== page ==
So, my old University mucker Scott – Mr Allsop to you and I – has written a book. Scott has dedicated his career as an award-winning history teacher to engaging the young ‘uns in history, to spread the nerdy joy of history (so much nerdy joy!) and equip the next generation with the historian’s ability to interpret evidence and formulate a coherent argument – an important life skill. Scott’s podcasts on http://www.MrAllsopHistory.com support thousands of history students to prepare for exams, and he hosts an iTunes Top-100 daily podcast, ‘on this day in history’ at http://www.HistoryPod.net . The latter has provided the basis for his first book, which distills complex areas of history across centuries and continents into historical stories for each day of the year.
There’s a huge range here – the first week of January alone will take you on a journey through the early roots of the UN in the 1940s, the arrest of a 1970s British serial killer, 20th century US foreign policy, the coronation of the last Anglo-Saxon King in the 11th century and drama with another English King 600 years later, 1960s Czechoslovakian communism, and the overthrow of Pol Pot in 1979. There’s also a good dose of fun too, recognizing that one may need to alleviate the trauma of reading about key episodes in the rise of Fascism across 20th century Europe with a less stressful tale about the introduction of Mr Potato Head (1 May 1952).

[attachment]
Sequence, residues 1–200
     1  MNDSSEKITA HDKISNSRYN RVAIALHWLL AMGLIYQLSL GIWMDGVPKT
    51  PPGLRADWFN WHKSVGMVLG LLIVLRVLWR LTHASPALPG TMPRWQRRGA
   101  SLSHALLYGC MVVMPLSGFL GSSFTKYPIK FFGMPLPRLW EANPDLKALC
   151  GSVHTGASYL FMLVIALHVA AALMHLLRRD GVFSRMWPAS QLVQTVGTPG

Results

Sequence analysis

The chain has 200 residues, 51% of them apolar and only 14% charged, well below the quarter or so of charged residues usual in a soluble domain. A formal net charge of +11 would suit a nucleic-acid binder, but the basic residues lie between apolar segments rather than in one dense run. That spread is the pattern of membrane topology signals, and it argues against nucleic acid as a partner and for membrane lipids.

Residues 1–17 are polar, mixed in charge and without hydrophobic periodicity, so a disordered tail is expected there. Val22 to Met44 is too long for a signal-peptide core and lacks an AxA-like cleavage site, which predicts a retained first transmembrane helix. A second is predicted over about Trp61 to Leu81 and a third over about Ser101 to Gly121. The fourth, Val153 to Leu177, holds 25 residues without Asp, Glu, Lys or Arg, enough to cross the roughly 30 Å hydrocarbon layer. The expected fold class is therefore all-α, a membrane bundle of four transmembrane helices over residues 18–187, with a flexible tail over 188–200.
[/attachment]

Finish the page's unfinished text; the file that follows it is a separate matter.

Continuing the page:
Each one-page story sets an engaging level of detail within a wider historical context. I especially enjoyed reading about the first Oktoberfest (1810), the first reported UFO sighting (1561), a 17th century tax on beards (the Chancellor should really think about introducing that in various parts of East London – we’d fill the coffers and Austerity Britain would be no more), the theft of the Mona Lisa (1911), and a strange 1374 episode of spontaneous dancing in the street which lent credence to my theory that our dear departed David Bowie is actually a time-travelling Dr Who type who is just temporarily off in another dimension encouraging 14th century German peasants to get their rocks off (see YouTube below for further evidence). Come on people, it’s been a tough year and we all have to dream a dream…
History is more than a collection of dates. But condensing a massive historical episode into a succinct tale that took place on a particular date provides a reference we can get our heads around (‘Oh, England was founded on 12 July 927?’ That’s a thousand years before my gran was born!’), which can then prompt a further journey of discovery (‘What the bums was England anyway back in the 10th century? What’s all this Wessex crap?’). With all that history out there, it is sometimes only by luck that we find that part which really engages us. A book like 366 Days can open the door to something bigger than just a one-page story. Bravo Mr Allsop!
Next week will be a bumper week of Christmas-themed books to get you in the Christmas spirit. For now, with thanks to YouTube, here is David and Mick doing what they do best. Don’t look directly at Jagger’s hips as you may actually fall pregnant, given the virility of The Man Who Cannot Stop Spawning Children and our proximity to the Nativity. You have been warned.